"That’s when I really learned all of those chord changes of those songs including the ones I would eventually do with Willie Nelson, like ‘Stardust’ and ‘Moonlight in Vermont.’"
Being a young buck in the local music scene wasn’t always fun and games.
"You know, I would get people yelling at me to get the [expletive] off the stage," he said with a laugh. "They would tell me that I couldn’t play and all that stuff.
"They were people like Frank Strozier, Fred Ford and Jack McDuff, and they were all accomplished musicians so there was a standard. I was kind of like there for their amusement."
Still, the criticism and ribbing lit a fire under Jones, who continued to strive to be a better musician and, eventually, a bandleader himself.
"That happened by accident, because I saw myself as a sideman in Memphis and I played mostly in other people’s bands," he said. "However, I did have my own idea and we recorded one of them in June, 1962, when I was a senior in high school."
Jones was offered a free day in the studio and that’s how Booker T. & the MG’s came about.
"That actually launched me as a bandleader and solo artist," he said. "I mean, I had led a few bands in the clubs in Memphis when I was in high school, but nothing significant like that."
Jones didn’t let being a bandleader get to his head, and continued to offer his other musical services around town.
"I was one of the few young, affordable musicians who could write music down on paper, so, I got hired to do the lead sheets for Stax Records, because I was cheap," he said with another laugh. "Other people would charge $5 and I would charge $2.50."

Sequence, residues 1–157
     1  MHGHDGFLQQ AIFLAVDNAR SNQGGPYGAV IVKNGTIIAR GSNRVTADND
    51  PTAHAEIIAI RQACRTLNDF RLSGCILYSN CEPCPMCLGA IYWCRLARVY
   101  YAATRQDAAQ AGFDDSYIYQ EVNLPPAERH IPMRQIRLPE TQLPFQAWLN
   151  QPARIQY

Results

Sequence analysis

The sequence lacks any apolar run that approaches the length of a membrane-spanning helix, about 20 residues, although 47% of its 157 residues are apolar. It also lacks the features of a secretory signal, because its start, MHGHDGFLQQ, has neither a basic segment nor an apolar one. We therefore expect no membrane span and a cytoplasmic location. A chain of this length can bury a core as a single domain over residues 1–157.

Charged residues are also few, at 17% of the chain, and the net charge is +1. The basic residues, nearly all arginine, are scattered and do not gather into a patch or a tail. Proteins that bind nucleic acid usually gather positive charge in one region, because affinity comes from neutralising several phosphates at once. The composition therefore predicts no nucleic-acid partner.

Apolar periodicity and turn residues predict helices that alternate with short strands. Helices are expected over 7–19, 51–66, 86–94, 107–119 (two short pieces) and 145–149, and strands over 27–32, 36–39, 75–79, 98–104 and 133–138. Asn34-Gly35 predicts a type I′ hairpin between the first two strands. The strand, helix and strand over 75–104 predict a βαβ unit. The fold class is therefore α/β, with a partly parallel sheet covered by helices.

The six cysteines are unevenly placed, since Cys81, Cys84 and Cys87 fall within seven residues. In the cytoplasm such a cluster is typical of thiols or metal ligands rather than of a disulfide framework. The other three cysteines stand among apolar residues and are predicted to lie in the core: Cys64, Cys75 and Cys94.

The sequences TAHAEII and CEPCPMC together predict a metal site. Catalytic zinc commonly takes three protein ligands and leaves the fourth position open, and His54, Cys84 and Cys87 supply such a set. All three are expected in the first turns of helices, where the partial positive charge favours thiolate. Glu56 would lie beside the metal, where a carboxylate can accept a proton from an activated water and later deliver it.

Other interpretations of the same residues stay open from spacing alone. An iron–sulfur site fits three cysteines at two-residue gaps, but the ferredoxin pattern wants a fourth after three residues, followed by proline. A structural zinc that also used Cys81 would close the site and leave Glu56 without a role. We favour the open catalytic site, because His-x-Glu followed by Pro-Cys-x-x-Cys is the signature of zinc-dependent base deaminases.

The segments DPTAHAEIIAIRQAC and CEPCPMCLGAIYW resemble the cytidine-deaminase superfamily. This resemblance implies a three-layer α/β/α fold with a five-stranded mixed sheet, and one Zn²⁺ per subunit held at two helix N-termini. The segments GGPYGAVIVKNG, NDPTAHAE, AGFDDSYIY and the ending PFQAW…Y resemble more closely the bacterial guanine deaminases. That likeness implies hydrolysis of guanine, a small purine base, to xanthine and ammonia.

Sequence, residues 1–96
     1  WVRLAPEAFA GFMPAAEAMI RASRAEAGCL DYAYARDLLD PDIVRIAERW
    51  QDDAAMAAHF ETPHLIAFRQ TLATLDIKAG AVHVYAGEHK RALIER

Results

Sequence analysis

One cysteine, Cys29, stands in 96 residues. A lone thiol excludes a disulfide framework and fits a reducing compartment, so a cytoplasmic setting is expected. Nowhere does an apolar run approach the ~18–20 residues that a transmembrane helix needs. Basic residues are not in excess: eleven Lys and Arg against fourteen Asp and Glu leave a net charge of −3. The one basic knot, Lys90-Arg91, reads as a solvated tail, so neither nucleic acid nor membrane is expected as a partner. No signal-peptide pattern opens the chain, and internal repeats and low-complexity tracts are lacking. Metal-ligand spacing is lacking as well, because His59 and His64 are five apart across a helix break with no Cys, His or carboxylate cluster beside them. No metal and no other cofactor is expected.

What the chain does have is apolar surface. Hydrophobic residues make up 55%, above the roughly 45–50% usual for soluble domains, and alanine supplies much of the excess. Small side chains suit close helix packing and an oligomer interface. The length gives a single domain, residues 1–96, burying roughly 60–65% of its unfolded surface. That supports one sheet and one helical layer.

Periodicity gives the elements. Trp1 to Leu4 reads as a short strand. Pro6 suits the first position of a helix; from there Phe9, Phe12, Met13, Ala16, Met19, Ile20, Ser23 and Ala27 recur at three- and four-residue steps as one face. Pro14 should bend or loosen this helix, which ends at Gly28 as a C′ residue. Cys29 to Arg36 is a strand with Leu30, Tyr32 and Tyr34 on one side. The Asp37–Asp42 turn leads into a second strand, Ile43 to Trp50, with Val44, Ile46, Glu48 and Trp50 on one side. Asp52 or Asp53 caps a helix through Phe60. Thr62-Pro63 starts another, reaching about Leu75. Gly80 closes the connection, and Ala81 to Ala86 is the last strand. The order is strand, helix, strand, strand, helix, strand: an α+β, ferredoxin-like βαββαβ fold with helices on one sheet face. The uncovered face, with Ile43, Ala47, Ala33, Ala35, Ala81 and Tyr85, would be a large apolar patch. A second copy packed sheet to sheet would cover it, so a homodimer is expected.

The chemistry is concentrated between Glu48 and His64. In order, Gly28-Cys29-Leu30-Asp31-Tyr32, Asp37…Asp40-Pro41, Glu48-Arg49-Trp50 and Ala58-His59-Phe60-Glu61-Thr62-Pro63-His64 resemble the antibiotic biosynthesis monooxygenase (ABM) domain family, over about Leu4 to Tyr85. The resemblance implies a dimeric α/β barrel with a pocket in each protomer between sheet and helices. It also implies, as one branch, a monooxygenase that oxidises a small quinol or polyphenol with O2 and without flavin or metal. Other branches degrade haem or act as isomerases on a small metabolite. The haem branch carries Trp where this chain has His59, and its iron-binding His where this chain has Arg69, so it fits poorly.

The more Jones wrote the lead sheets, the more people began to realize that he could write arrangements for strings and horns.
"I became an arranger in high school and when I moved to California, arranging really meant that I could produce in a lot of ways," he said. "So, I fell into that as well."
These days Jones enjoys playing live and writing music, but he is always the student.
"I’ve been pretty ambitious musically and I’m still studying classical music," he said. "I also love dance music and am working on new music in both areas. So, hopefully I will be recording a new album soon."
Jones knows he is lucky to play, write and arrange music for a living.
"There are probably a lot of musicians who make their living as physicians or lawyers and other professions who can’t do this every day," he said. "I want to thank everyone for their support, because I couldn’t do this if no one came to the shows and listened. So, I’m grateful to that."
The Egyptian Theatre, 328 Main St., will present Rock and Roll Hall of Fame inductee Booker T. Jones on Friday, April 15 through Sunday, April 17. Friday’s and Saturday’s concerts will begin at 8 p.m. Sunday’s performance will start at 6 p.m. Tickets range from $35 to $55 and can be purchased by calling 435-649-9371 or visiting http://www.parkcityshows.com .
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Park City High School sophomore Emily Bronstein founded the Seraphine Project that helps at-risk teens in Zimbabwe and Zambia.